The St. Louis Blues once led their first round playoff series with the Los Angeles Kings by 2 games to none. Losing 3-2 to the Kings in overtime Wednesday night at Scottrade Center cost the Blues the game, the series lead (they’re now down 3 games to 2) and home ice advantage. Slava Voynov scored 8 minutes into the extra frame and St. Louis now faces elimination in Game 6 in LA.
The Blues had an opportunity to put the Kings up against a wall Wednesday night. With a win the Blues would have re-taken the series lead and maintained their home-ice edge, knowing that even an LA win in Game 6 would mean coming back to St. Louis to finish things. Including playoff games, the Blues had won eight straight in the friendly confines and only allowed 8 goals in that span- one per game, a stingy GAA by any measure.
Things have been different since losing Game 4 earlier this week. The Blues have now given up SEVEN goals in two games, and it beginning to look a lot like February. That’s how far back you”d have to go to see the Blues lose more than 3 games in a row. They came up short Wednesday despite out-shooting LA 36-25.
Jonathan Quick was once again near the top of his game as the Blues swarmed the LA net and out-shot the Kings 12-8 in the 1st period. Unable to solve Quick (and of course, firing a few shots high and wide) the Blues missed their chance at taking the game’s first lead, though that hasn’t meant a lot in this series so far.
The Kings struck first, just 14 seconds into period 2, stunning the Scottrade crowd. The Blues were careless and had iced the puck right off the initial face-off, which brought the puck down into their end. Until Game 4, St. Louis had been dominating the dots, actually leading the entire league in face-off win percentage, but these last two game saw LA turn the tide and it cost the Blues. Patrik Berglund got tossed from the circle and LA won the second draw, fired a puck on net and Brian Elliott couldn’t hang on to the rebound. Jeff Carter banged it in for his second goal of the series. Alex Steen was able to tie the game 1-1 later in the 2nd, which instantly brought the crowd back to life and gave St. Louis reason to believe they were still in the game.
That feeling was short-lived. Special teams weren’t prominent in Game 5 with only three penalties called all night, but a Tripping call against Barret Jackman inside the final minute of the 2nd period put the Blues down a man entering the 3rd. The Kings took advantage and Carter scored again inside the first minute of the period to put the Kings back on top, 2-1. The rest of the game felt desperate for St. Louis. They continued firing shots on Quick but looked to be on their heels as LA dug in and basically beat the Blues at their own game, being stingy in their own zone and preventing the Blues from getting the puck in very deep.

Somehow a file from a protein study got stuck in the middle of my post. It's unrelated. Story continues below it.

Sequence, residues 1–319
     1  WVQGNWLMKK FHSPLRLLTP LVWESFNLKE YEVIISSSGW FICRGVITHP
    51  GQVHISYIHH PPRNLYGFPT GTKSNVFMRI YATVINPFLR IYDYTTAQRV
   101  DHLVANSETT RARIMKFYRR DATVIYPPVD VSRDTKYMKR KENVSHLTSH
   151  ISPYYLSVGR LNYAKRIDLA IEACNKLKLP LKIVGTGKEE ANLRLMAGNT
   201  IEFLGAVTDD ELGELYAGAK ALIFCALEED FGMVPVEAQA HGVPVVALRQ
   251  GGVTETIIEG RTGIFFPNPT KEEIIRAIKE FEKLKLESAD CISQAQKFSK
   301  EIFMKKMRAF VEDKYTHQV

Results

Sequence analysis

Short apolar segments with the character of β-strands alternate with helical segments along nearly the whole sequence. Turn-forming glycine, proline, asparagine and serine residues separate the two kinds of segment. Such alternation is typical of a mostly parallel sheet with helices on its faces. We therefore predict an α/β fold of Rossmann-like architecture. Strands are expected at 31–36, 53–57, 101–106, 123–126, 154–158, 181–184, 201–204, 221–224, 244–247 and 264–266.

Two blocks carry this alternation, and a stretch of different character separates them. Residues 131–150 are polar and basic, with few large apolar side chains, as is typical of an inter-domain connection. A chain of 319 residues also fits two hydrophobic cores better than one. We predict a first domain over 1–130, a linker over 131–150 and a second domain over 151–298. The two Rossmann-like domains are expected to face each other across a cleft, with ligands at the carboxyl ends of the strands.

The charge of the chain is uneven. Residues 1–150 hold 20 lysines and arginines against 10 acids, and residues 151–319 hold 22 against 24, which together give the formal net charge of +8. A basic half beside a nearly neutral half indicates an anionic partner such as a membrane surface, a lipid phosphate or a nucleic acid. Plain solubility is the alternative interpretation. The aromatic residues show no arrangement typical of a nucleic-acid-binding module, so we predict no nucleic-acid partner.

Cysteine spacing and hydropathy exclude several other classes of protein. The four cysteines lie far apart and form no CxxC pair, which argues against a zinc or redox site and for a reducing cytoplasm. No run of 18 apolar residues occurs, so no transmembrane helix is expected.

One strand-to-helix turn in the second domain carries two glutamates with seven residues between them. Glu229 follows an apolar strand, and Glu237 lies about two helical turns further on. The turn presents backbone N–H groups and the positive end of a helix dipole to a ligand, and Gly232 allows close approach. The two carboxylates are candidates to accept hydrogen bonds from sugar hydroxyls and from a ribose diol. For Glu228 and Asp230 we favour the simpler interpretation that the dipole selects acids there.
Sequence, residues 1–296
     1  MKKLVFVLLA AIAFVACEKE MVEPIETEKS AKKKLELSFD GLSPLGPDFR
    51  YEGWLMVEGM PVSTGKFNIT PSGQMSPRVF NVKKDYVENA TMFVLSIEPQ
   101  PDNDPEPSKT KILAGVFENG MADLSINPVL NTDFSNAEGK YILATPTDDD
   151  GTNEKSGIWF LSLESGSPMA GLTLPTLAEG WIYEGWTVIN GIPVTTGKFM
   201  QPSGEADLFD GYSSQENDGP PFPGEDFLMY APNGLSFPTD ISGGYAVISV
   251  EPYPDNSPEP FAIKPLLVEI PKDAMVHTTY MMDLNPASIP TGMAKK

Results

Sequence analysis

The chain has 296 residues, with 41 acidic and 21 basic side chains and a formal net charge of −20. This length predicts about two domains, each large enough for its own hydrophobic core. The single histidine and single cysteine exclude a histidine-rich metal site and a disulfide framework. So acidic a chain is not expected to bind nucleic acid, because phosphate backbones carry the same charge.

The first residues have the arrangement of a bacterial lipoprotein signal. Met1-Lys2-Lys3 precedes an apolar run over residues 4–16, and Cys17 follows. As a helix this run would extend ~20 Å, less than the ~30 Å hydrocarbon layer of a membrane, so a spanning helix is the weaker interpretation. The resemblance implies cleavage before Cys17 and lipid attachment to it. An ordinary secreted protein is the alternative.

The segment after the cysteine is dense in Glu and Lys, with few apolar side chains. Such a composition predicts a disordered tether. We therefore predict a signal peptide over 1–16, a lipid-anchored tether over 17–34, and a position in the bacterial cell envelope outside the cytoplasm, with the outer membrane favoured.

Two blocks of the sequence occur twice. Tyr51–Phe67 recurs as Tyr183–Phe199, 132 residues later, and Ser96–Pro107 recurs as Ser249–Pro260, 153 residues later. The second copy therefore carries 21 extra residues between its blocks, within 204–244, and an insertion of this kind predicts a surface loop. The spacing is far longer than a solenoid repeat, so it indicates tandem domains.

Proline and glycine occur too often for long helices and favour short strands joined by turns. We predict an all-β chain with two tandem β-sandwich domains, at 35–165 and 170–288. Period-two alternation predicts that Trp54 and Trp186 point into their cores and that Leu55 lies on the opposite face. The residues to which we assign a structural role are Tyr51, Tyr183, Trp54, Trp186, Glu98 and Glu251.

With time ticking away and only 44 seconds left Alex Pietrangelo fired a shot that found its way through traffic (Jaden Schwartz was camped in front of Quick) and into the net to tie the game 2-2. The Scottrade Center crowd erupted. The Blues had life and the game went into overtime.
It really felt like the momentum had shifted entirely back to the St. Louis side of the ice. Going into the extra frame I was certain the Blues would score and win Game 5. The line of Schwartz, David Backes, and Steen had been playing like gangbusters all night. The Blues were fired up, the fans were in a frenzy. It wasn’t to be, however, as 8 minutes in Voynov led an odd-man rush into the St. Louis zone and ripped off a shot that got through Elliott’s pads for the game-winner.
What a let-down. The first thought was that Ells most certainly should’ve stopped the puck. He looked out of position for the first time in 2 weeks. Upon further review you can see Schwartz, working hard to backcheck into the play, get his stick on Voynov’s hands just as the shot was made altering the direction of the puck. Ells was ready for a high shot but it got cut off and stayed low. Such is the way of overtime and the playoffs.
Schwartz, Steen, Vladimir Sobotka, and the CPR line all played out of their minds Wednesday night. Inexplicably, we didn’t see the CPR line much at all in the 3rd period despite them giving the Blues some of the best shifts of the game, especially down below the red line in the offensive zone. Equally as mind boggling was the fact that throughout the game AND into overtime we saw Andy McDonald and Chris Stewart on the ice, shift after shift, though they did absolutely nothing and haven’t really at all in this first round series.
I’m not usually a fan of dramatic changes to the lineup, but I’d really like to see Coach Hitchcock make some major changes for Game 6. I’d be glad to see Kris Russell in for Roman Polak. I would much rather see a big kid like Dimitrij Jaskin skating instead of McDonald. Mac looks too small and too lost out there against the Kings and is hurting the team. Stewart, well, he’s been invisible but at least he has the size to match up with LA.
Game 6 is tonight in Los Angeles. The Blues need a win to stay alive and bring the series back home to St. Louis for the finale Monday night. Elliott shouldn’t be effected by the overtime loss, he’s been stellar and will continue to play well. It’s Quick the Blues need to worry about, and they’ll need to fire on all cylinders to have any chance of winning. Hitchcock said after Wednesday’s game that it was about the best the Blues have played. Their best didn’t look good enough to beat the Kings. St. Louis has failed to find that extra gear required to succeed in the post-season. They better find it tonight.
GO BLUES! Long Live the Note!